CAMPAIGNERS have called for public health experts to take over the Covid test and trace system entirely.

The health campaigners from the Oxfordshire branch of a group called Keep Our NHS Public described the current system as 'a scandalous failure'.

This they said, was because it did not track down as many people as it should, and due to the £22 billion costs of paying contractors to carry out the work.

The group lobbied Oxfordshire's joint health overview and scrutiny committee (HOSC) to support the move, as the county's director of public health described how local test and trace had been an exemplar.

In a speech to HOSC, a committee made up of councillors and health officials, Janet Phillips of Oxfordshire Keep Our NHS Public said :The only way to fix testing and tracing is to hand the money and the work over to the experts in our local public health bodies. ‘NHS’ Test and Trace should be scrapped without delay."

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She added: "We cannot wait, though, for the Government to change its mind and provide the necessary funding: we need to make a loud and forceful demand for the resources to be provided now."

The group plans to lobby Oxford City Council to support its calls next month.

At the same meeting, Oxfordshire's director of public health Ansaf Azhar described the successes of the local test and trace system introduced in October, but said it was 'supplementary' to the national system.

Witney Gazette:

Ansaf Azhar (top centre) addresses the health committee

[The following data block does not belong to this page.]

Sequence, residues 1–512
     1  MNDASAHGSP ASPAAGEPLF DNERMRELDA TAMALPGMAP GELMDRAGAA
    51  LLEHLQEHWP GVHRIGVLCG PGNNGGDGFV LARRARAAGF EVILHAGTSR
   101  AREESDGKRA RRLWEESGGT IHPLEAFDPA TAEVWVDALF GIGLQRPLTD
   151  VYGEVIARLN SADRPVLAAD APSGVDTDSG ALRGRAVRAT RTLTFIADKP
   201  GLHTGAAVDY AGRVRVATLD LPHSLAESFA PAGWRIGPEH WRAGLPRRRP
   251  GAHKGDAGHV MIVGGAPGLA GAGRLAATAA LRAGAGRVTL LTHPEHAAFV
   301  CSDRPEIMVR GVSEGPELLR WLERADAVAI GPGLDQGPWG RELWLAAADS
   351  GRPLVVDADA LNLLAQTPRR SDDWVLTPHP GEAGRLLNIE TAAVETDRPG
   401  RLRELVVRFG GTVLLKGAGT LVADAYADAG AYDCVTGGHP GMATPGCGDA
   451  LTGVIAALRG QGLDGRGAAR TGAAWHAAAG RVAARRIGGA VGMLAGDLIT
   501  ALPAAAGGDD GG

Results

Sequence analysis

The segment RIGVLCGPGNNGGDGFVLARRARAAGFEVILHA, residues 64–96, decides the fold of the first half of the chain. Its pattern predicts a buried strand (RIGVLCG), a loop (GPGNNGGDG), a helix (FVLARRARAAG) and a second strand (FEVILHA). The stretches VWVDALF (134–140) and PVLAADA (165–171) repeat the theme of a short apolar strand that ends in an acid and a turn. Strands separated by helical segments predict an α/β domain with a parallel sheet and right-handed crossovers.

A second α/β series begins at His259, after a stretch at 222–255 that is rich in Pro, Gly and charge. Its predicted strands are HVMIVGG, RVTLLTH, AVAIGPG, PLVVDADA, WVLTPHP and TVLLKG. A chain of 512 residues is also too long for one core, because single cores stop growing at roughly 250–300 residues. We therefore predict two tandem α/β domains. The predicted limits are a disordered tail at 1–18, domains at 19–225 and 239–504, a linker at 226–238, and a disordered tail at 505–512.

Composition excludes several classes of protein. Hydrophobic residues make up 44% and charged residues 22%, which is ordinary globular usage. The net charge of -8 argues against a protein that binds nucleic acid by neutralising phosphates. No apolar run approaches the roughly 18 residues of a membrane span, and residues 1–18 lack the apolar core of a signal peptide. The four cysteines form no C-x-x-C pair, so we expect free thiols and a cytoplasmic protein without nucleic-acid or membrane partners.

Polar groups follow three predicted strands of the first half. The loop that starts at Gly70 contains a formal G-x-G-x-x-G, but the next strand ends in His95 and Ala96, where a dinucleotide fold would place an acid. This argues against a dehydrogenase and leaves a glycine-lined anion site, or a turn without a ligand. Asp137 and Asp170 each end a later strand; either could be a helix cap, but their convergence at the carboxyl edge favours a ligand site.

Mr Azhar said the latest data on Covid infection rates showed that Oxfordshire's rates were slightly below surrounding counties in all age groups.

He added that it was too early to tell if this trend would continue, but said the fall in rates which had already happened could in part be contributed to local test and trace, which aimed to fill in the gaps of the national system.

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The public health expert said the local system had picked up approximately 800 contacts from the national system in the month it had been in operation, approximately 500 of which had been successfull contacted either by the phone or through door knocking.

Of the remaining 300 people who had not been contacted, Mr Azhar said the majority were students at Oxford's two universities and were already been looked after by the institutions.

He added: "We do know there will always be a group of people we will never be able to contact and I think that is acceptable but to be able to reach this number of people who wouldn’t have otherwise been contacted will play a massive part in breaking the chain of transmission."

The HOSC meeting was held just as it was confirmed that Oxfordshire would be placed into Tier 2 of local restrictions after lockdown ends on December 2.